# What is the point slope form of the equation of the line that passes through the point (0;2) and it has the slope m = -3 ?

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The line passes through the point (0,2) and the slope m = -3.

Let us write the equation in the standard form:

y-y1 = m(x-x1) such that:

(x1,y1) is any point that passes through the line and m is the slope.

Given the point (0,2) and slope m= -3 , we will subsitute these values into the equation:

y-y1= m(x-x1)

y- 2 = -3 (x - 0)

y-2 = -3x

Now add 2 to both sides:

**==> y= -3x + 2 ****is the formula for the line.**

The easiest way to write an equation is in point-slope form. The formula for point-slope is: y - y1 = m(x - x1) where (x1,y1) is a point on your line and m is slope.

Plug in our given values: (0;2) and it has the slope m = -3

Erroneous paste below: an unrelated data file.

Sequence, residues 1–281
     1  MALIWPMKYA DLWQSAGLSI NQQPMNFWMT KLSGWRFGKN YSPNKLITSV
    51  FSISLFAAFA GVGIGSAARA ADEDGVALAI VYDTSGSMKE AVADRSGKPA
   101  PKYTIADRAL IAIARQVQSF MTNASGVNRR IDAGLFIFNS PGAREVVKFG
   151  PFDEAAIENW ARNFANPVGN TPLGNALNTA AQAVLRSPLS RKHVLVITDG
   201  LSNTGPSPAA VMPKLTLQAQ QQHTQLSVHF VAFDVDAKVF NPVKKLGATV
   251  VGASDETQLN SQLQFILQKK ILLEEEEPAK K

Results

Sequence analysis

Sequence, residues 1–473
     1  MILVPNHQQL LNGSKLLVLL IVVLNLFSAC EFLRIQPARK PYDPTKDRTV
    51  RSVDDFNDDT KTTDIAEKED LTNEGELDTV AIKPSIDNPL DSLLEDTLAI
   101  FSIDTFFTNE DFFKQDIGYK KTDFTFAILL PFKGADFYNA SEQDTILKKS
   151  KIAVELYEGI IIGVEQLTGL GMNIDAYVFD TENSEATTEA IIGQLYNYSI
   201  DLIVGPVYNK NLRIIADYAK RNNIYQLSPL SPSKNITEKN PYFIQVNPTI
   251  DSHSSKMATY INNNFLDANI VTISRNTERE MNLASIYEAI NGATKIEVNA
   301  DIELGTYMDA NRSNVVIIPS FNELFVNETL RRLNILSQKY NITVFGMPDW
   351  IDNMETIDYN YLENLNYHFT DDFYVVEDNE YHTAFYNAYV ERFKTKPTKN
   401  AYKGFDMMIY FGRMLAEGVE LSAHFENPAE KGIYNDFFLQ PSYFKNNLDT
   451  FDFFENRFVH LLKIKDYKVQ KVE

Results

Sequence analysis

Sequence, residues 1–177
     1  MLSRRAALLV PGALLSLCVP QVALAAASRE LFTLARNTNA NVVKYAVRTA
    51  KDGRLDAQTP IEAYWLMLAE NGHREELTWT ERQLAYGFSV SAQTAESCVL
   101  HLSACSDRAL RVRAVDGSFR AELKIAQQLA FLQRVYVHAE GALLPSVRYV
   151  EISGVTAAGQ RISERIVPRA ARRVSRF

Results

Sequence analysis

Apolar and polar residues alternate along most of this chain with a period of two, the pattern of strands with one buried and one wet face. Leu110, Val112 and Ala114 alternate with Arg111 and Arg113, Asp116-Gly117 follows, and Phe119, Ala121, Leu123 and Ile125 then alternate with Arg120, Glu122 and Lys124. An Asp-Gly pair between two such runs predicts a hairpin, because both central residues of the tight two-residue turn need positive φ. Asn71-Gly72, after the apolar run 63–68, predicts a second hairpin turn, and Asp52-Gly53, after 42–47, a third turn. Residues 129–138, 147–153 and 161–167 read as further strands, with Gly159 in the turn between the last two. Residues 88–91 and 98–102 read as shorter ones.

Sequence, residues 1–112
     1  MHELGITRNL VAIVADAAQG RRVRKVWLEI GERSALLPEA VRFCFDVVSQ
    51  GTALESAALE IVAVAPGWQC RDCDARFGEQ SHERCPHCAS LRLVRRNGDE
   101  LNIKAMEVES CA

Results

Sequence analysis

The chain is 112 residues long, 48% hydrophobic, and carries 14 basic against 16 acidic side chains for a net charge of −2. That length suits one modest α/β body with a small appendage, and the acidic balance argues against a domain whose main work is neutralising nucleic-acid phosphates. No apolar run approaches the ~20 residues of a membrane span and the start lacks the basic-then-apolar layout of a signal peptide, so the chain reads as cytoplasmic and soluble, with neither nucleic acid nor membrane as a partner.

y - 2 = -3(x - 0)

If you want simply further.

If a line has a slope m and passes through a point (x1, y1), then its equation in point slope form is given by:

y-y1 = m(x-x1)

Since the given line has a slope m = -3 and (x1, y1) = (0,2), substituting these values into y -y1 = m(x-x1) gives us:

y - 2 = (-3)(x-0) ==> the equation **in point slope form**.

There are two basic forms of an equation for a line: the point-slope and the standard form (the standard is sometimes also called the slope-intercept form).

**The Point-Slope form of an equation:**

(y-y1) = m(x-x1) (2)

where m is the slope and (x1,y1) is the given point.

We'll substitute the slope and given point in (2):

** y - 2 = -3(x - 0)**

We'll remove the brackets:

y - 2 = -3x + 0

We'll put the equation in the standard form by adding 2 both sides:

y = -3x + 2

**Standard form of the equation is: y = -3x + 2**